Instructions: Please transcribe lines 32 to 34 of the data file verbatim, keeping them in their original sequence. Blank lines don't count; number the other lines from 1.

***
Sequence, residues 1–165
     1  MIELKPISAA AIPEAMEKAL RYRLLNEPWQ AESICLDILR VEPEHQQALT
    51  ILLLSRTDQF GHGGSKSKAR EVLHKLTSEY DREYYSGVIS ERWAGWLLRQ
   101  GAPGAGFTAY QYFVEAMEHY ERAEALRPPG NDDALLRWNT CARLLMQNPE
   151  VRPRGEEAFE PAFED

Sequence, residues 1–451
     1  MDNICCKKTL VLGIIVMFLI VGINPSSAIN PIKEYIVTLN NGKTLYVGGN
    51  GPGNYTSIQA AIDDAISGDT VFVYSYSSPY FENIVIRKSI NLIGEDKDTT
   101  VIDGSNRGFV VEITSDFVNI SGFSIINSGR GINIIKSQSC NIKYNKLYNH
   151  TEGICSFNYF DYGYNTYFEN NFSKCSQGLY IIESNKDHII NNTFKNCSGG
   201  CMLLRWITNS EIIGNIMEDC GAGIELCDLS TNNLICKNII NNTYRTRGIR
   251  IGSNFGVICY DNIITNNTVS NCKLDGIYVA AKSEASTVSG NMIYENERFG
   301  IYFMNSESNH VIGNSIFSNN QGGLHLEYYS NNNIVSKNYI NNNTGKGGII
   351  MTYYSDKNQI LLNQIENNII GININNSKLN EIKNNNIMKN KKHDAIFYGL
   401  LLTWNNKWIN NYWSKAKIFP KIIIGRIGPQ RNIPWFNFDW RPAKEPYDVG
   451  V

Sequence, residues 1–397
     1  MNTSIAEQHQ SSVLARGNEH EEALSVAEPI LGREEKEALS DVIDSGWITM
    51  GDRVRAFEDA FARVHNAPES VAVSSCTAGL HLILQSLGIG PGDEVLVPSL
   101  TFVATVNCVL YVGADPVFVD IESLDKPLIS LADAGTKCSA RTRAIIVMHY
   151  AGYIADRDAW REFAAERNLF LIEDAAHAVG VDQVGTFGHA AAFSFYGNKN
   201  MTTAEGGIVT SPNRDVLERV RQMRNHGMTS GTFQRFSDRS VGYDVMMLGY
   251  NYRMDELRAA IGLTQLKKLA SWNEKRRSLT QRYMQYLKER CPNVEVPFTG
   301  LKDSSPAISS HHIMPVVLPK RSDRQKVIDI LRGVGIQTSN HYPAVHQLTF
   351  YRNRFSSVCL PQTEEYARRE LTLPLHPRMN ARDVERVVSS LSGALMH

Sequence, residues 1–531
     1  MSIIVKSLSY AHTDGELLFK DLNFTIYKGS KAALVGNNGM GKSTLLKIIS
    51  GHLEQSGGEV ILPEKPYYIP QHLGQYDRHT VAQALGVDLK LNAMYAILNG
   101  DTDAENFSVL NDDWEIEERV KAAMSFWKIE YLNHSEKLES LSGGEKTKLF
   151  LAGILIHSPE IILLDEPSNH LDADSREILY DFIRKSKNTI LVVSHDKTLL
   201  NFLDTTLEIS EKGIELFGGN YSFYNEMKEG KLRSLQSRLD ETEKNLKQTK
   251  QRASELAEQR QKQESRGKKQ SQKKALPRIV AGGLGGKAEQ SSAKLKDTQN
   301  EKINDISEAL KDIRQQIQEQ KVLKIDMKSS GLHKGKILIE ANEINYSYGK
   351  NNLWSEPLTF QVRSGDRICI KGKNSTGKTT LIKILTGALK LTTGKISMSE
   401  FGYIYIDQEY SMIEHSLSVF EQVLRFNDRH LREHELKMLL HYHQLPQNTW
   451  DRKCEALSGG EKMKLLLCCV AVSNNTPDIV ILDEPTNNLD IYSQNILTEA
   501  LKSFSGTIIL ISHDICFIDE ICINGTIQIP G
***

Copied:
   251  QRASELAEQR QKQESRGKKQ SQKKALPRIV AGGLGGKAEQ SSAKLKDTQN
   301  EKINDISEAL KDIRQQIQEQ KVLKIDMKSS GLHKGKILIE ANEINYSYGK
   351  NNLWSEPLTF QVRSGDRICI KGKNSTGKTT LIKILTGALK LTTGKISMSE